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I often come across figures like this on the net, or as contest problems, asking to find the number of a specific type of polygon in the figure (triangles, in this case). But I've never really found a method for solving it, rather than blindly counting and hoping it's the right answer. For complete graphs, the problem is trivial:- ${n \choose k} \times (n-k)$, where $n$ is the number of vertices of the complete graph, and $(k+1)$ is the number of sides of the polygon in question. But I was wondering if there was a general algorithm for going about these problems. Any ideas?

DISCUSSION SO FAR: My above answer obtained for the complete graph is incorrect, as I hadn't considered the possibility of collinear vertices, and hence degenerate polygons (Thanks to Carl's brilliant answer, for pointing this out!). So here's the discussion so far: One can obtain the number of triangles (including degenerate) in any graph from the trace of its adjacency matrix $A$, by the formula $\text{Tr}(A^3)/3!$ (read Carl's post for the explanation). Unfortunately, this cannot be used for higher polygons, since cycles of path lengths $k$, $ k>3$ are attainable in less than $k$ vertices. So, focusing for now on obtaining the number of triangles in a graph, the algorithm is to compute $\text{Tr}(A^3)/3!$, and then to subtract the number of degenerate triangles from it. So now, the essential question is: Is there is a method for systematically enumerating distinct sets of collinear nodes in a graph?

  • $\begingroup$ Are you looking for automated (pattern) recognition of the triangles enclosed in the figure? That would require quite another answer than the graph-theoretical approaches below. $\endgroup$ – Han de Bruijn Dec 5 '13 at 20:42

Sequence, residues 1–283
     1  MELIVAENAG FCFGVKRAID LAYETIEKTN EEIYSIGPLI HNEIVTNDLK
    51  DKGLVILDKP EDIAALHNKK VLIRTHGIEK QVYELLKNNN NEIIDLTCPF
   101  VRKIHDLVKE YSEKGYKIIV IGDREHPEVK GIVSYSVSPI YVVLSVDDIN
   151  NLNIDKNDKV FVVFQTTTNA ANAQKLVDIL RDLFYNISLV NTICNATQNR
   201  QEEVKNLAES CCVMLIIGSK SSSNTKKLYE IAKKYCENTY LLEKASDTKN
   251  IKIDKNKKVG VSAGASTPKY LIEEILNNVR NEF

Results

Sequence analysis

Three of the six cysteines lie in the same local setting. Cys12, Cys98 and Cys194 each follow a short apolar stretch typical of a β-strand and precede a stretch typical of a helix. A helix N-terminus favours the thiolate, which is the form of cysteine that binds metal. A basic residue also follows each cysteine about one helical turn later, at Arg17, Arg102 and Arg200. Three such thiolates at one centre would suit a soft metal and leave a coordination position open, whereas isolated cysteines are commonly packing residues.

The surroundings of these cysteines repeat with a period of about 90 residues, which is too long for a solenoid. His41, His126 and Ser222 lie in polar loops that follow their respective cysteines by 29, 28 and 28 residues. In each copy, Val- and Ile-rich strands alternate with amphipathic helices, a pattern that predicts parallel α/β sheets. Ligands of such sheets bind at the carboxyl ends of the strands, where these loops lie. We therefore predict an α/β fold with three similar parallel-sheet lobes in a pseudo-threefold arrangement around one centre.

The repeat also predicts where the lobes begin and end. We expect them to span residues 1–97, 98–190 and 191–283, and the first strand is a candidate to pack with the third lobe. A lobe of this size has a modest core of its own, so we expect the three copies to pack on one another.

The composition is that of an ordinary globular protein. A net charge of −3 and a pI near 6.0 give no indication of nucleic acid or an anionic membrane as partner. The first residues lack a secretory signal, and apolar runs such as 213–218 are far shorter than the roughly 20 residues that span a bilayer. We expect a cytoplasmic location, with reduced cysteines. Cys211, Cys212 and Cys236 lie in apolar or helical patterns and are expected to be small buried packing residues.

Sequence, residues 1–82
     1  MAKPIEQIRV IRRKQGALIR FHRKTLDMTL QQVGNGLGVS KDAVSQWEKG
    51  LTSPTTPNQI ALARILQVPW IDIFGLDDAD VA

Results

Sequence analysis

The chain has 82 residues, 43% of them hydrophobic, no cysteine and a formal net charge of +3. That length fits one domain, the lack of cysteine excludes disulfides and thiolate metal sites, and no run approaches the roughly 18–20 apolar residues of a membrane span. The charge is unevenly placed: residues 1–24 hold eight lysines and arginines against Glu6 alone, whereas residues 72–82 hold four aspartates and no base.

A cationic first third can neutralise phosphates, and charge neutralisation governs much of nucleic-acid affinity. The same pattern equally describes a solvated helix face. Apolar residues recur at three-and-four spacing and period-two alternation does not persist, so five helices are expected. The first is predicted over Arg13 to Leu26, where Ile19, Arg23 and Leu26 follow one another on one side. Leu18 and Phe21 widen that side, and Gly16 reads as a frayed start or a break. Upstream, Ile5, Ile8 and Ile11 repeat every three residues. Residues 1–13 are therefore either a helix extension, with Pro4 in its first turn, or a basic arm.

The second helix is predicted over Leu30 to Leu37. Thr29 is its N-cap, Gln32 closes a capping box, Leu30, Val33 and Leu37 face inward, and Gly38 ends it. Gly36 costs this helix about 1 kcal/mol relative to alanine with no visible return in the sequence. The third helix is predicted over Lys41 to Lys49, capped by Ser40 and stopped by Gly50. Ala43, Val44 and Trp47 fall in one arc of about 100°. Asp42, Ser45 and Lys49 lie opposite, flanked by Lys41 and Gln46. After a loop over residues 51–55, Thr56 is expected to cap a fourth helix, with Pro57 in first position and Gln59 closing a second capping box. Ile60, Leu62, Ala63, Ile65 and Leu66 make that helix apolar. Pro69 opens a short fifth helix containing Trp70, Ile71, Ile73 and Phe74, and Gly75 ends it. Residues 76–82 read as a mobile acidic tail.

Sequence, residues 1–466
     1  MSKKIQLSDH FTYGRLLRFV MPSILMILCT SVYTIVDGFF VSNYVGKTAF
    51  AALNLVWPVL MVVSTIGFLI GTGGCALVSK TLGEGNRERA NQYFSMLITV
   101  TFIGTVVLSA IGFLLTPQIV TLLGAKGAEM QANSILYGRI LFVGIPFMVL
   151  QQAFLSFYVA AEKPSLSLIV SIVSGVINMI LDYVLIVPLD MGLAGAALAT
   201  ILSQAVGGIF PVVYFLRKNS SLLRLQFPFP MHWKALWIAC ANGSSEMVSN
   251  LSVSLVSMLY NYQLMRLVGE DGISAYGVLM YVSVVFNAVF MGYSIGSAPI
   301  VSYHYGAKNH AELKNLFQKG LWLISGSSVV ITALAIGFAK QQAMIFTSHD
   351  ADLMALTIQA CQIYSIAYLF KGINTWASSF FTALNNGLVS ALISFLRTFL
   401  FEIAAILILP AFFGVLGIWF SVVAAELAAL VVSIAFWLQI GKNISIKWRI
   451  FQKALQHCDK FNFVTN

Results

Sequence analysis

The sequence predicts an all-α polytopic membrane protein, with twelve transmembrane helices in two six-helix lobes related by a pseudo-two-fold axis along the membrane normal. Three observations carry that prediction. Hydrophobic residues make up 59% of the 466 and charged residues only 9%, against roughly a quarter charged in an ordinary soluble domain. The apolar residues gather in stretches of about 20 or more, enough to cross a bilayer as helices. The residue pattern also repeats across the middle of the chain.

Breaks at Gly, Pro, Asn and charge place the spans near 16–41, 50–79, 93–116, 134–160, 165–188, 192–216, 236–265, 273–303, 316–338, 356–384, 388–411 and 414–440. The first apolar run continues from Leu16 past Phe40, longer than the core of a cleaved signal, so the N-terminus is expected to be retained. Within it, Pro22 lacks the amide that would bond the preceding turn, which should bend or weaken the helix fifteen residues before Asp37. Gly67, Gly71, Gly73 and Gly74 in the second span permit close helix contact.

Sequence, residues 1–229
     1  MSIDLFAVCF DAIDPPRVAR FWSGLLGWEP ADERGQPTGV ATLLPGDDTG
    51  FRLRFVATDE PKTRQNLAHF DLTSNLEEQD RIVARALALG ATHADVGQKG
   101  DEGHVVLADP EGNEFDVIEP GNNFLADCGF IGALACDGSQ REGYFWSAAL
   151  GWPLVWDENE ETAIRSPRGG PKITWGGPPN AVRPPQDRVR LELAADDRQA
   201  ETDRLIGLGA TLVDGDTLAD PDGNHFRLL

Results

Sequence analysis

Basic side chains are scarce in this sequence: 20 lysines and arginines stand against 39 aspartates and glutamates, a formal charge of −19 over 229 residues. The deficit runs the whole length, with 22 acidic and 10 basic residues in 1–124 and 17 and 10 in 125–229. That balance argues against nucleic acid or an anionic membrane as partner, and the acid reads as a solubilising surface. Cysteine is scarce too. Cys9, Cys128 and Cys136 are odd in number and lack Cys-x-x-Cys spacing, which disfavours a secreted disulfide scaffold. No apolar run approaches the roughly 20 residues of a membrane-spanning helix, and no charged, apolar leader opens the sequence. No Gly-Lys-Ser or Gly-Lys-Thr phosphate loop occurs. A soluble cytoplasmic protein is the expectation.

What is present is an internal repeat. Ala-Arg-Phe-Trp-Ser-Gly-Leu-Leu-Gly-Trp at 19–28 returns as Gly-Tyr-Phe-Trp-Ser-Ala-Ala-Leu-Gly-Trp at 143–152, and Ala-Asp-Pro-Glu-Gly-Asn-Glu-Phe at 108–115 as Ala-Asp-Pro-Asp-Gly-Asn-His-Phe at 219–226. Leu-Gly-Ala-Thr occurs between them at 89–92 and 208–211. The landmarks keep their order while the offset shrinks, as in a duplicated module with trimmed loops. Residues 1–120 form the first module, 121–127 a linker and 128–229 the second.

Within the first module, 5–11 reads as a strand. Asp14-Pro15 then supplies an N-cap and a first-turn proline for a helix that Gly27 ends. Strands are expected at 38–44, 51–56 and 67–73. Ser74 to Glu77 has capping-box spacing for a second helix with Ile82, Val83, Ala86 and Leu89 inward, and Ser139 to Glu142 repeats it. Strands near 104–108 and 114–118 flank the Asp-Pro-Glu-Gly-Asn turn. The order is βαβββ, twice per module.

• $\begingroup$ Complete the graph, then count the number of extra lines and extra polygons obtained, and subtract them from the total. $\endgroup$ – Lucian Dec 8 '13 at 22:46
  • $\begingroup$ Do you care if your polygons self-intersect? Or if they are not convex? $\endgroup$ – cactus314 Dec 9 '13 at 15:17
  • $\begingroup$ @HandeBruijn: No, I'm not looking for automated pattern recognition. I'm rather looking for a "implementable-by-hand" algorithm that would give the right solution, in the least amount of time. But I'm curious though: What algorithm would such an automated recognition system implement? $\endgroup$ – Train Heartnet Dec 11 '13 at 12:50
  • 1
    $\begingroup$ @JobinIdiculla: Automatic recognition of (in this case) white areas within a figure can be done by a contouring algorithm. This is far from easy, though it pays off once you've developed the software. Tricky parts are that one must filter out the noise, for example by discarding contours that have too small an area. Furthermore, clockwise and counter-clockwise contours must be distinguished and the irrelevant ones discarded. There also will appear contours that surround the picture or the figure as a whole and these must been taken care of as well. $\endgroup$ – Han de Bruijn Dec 11 '13 at 14:25

This post illustrates why $\text{Tr}(A^k)$ gives the number of cycles of length $k$ in the graph with adjacency matrix $A$. We have to be careful since a cycle is not the same thing as a polygon. For example, we can make a 4-cycle by moving between two nodes only: XYXY is a 4-cycle, but not a quadrilateral.

For triangles it turns out that this is not a problem since you can't form a 3-cycle that isn't also a triangle. (Caveat: you might form a degenerate (flat) triangle if three nodes are colinear. There is no way of detecting whether points are colinear using an abstract graph, represented as an adjacency matrix.)

Even with triangles, we still have to be careful of double counting. $\text{Tr}(A^3)$ is the number of 3-cycles in an undirected graph, but this gives 6 for the simple case of a 3-node graph that is itself triangle. $$A=\left(\begin{array}{ccc}0&1&1\\1&0&1\\1&1&0\end{array}\right) \Rightarrow \text{Tr}(A^3)=6$$ This is because all of the following cycles are triangles, even though they all form the same triangle: XYZ, XZY, YXZ, YZX, ZXY, ZYX.